12 Things That Can Kill You When Fishing in Florida


Open mouth of Florida cottonmouth snake.

These 12 ways to die on your Florida fishing trip are something to keep in mind. Florida can be an unforgiving place in some ways and you should know all you can about what dangers await you on your fishing trip to paradise.

If you’re a Florida local, you already know all of these, I would think. If you’re visiting for a short time, have a read through and make sure you’re up to speed with the main dangers of the wilderness and mother nature, and even your fellow fishermen.

1 – People

People are killed while hunting, street racing, and even birthday parties.

Sadly, people occasionally die while fishing too. There have been more than a couple of murders committed on boats in Florida. What better way to get rid of someone?

I remember one case in particular where a guy talked a woman visiting from Ohio and her two daughters into going out on his boat and killed all three. I’ll try to find the story. It was decades ago, but it sums up the danger of fishing with strangers, or going anywhere with someone you don’t know very well.

2 – Alligators!

Big Florida alligator swimming in freshwater river.
Just assume there are alligators at your favorite Florida freshwater fishing hole.

Visitors to Florida are usually shocked at just how many alligators are roaming around in places that you might think are safe.

We had alligators at some of my apartment complexes I lived in while going to college in Tampa. You should assume that if there’s a body of freshwater, there are alligators there. These toothy reptiles are very common.

How common are attacks? Since the late 1940’s there have been an average of 3 major bite events per year. That really isn’t much in a state of 21 million people. Still, alligators are IN freshwater. Do be careful!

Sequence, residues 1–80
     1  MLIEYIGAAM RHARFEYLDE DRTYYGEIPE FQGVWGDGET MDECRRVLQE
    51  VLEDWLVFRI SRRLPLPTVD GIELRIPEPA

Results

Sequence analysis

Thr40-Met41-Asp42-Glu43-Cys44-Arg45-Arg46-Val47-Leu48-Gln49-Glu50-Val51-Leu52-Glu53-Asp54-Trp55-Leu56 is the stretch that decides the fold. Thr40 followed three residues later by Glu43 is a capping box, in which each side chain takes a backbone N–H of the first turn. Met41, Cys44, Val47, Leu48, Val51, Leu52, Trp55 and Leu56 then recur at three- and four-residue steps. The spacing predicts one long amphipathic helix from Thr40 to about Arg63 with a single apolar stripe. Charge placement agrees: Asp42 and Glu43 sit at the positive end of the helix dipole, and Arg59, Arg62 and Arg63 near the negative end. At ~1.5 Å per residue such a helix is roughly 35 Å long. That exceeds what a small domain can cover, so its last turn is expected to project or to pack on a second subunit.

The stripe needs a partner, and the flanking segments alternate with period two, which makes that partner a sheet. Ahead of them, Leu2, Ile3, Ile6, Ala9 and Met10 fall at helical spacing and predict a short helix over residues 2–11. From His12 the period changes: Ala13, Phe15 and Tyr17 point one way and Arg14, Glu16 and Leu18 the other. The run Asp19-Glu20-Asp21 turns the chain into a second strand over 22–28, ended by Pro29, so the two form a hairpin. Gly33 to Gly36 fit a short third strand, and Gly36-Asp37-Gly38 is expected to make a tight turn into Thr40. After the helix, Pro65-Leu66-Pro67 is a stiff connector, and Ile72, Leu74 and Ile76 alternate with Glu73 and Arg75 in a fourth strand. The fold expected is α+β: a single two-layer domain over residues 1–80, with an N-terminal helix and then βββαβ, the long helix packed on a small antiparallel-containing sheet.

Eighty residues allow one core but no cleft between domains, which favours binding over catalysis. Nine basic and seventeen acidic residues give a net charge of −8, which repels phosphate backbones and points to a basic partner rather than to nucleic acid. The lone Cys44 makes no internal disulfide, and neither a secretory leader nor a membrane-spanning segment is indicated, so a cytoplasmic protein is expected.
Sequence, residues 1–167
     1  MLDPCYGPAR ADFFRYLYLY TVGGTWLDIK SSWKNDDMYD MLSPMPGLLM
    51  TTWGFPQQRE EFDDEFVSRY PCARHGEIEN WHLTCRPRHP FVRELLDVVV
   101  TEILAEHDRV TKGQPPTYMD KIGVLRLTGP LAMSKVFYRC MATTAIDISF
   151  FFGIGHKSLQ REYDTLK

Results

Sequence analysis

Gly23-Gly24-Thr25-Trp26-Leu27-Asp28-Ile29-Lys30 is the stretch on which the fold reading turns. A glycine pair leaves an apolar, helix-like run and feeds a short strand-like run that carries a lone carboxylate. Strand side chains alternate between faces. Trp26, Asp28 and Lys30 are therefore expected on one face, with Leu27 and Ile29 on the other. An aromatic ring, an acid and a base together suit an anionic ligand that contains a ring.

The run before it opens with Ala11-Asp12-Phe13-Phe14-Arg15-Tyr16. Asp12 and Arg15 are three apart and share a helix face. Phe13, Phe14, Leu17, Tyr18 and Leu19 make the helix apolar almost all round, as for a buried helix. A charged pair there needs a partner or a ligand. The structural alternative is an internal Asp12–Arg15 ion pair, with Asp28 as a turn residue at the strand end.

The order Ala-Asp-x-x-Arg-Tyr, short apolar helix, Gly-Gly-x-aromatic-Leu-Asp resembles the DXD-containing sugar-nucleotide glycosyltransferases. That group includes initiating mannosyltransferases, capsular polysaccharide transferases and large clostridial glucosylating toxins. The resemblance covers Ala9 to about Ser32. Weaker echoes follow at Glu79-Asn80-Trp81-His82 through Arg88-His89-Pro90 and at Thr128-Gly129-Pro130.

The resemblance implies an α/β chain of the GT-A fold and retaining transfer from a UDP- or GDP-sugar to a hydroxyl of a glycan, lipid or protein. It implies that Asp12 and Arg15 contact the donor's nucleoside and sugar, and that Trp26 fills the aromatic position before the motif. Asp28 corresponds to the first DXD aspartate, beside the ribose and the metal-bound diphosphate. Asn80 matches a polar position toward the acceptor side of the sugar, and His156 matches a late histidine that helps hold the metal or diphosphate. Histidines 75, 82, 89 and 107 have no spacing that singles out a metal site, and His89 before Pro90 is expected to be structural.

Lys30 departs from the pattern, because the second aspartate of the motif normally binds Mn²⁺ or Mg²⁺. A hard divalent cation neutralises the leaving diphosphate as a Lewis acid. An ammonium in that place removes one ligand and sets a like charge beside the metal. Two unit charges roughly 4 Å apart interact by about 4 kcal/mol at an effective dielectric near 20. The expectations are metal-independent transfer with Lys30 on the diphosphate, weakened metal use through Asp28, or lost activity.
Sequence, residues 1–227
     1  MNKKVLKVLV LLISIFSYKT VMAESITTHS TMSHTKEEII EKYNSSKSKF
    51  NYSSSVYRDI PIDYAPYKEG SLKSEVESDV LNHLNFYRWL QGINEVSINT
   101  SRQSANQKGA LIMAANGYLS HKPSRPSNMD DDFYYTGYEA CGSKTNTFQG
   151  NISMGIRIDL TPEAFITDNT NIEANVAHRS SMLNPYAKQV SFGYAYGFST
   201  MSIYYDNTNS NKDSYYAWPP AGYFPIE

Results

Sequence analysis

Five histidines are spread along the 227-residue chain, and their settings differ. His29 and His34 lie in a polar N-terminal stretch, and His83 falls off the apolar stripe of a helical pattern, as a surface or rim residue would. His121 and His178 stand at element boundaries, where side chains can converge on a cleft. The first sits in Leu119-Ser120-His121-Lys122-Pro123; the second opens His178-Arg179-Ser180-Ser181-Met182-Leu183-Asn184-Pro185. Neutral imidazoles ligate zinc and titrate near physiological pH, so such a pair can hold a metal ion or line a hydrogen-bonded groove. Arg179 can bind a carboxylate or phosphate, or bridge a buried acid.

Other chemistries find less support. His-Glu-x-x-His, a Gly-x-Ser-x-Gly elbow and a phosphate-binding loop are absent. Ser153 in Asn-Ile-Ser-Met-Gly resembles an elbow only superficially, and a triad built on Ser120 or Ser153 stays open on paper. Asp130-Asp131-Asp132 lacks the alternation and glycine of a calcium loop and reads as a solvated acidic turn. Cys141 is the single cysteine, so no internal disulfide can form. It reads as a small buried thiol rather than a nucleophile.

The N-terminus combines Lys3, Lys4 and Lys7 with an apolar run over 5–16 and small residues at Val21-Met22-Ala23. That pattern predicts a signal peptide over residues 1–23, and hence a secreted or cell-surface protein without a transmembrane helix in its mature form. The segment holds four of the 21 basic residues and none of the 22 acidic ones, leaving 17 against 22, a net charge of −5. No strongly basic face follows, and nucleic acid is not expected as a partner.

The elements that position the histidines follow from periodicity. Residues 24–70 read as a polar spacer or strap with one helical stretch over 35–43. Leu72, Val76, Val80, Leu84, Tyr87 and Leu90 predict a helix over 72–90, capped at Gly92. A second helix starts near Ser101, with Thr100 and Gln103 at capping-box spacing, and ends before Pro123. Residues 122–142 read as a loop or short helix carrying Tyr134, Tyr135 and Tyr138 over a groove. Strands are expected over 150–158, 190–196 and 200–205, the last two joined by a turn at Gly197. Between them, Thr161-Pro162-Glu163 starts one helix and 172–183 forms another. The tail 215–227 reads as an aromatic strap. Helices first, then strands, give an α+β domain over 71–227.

3 – Leaky Boat!

I think a severely leaking kayak in the middle of the Hillsborough River would be much more scary to me than if I was in the middle of Tampa Bay. I like my odds better with the sharks than the alligators.

Still, if your boat is leaking and you are way out in the Gulf of Mexico or off the Atlantic coast, you’re in a very serious situation. Fun and games have turned to life and death. Buy a cheap kayak with bad quality control that misses a weak seam and you’re screwed. It could be that simple.

Preparation for fishing trips is essential. Safety gear, and over-preparing is a very good idea when on a kayak and risking it all for some of the best fighting gamefish in the world.

4 – Sharks!

If you haven’t yet read my shark story, where my girlfriend nearly died, you should do that now before you forget. Or, open it up in a new tab for later.

I wouldn’t expect to have to deal with a big shark while wade fishing, but that was my ignorance. I had already been fishing in Florida for years when that event happen and I still hadn’t wised up. I’m not sure what I could have been thinking.

Humans are capable of making some of the dumbest mistakes while fishing and during life. Try to keep them to a minimum!

There are 16 species of shark in Florida waters. The hammerhead, bull shark, tiger shark, and the Great White are all very dangerous for man. Sharks have been known to attack kayaks and small boats. It isn’t often, but how often does it have to be to scare the pants off ya?

Go read my shark story, it’s crazy.

5 – Copperhead and Cottonmouth Snakes

We have 37 snake species in Florida and 6 of them are capable of deadly bites.

Copperhead and cottonmouth snakes are pit vipers that bite quickly and frequently. You only need to step close to one to get a bite and the pain is bad because the venom is destroying tissue at the bite site.

Please give a lot of thought about where you’re walking while you fish streams, lakes, and rivers in Florida.

And, I have a story about this one too. A little 8 year old boy I was a “big brother” for had a bad experience one time I took him fishing at a Florida State Park. Read it here.

6 – Rattlesnakes!

Florida has 3 rattlesnakes. A huge one (Eastern diamondback), a big one (Timber rattler), and a tiny one (Pygmy rattler).

The Eastern diamondback can reach 8 feet in length. The Timber rattler world record is 6 feet 2.5 inches. Pygmy rattlers are small in comparison and only grow to about 2 feet in length.

The two big ones are quite capable of killing a person with a bite from their venomous front fangs and they have done that quite a few times in the state’s history. There is anti-venom available at major hospitals for all of these snakes, so getting to a hospital quickly is really important.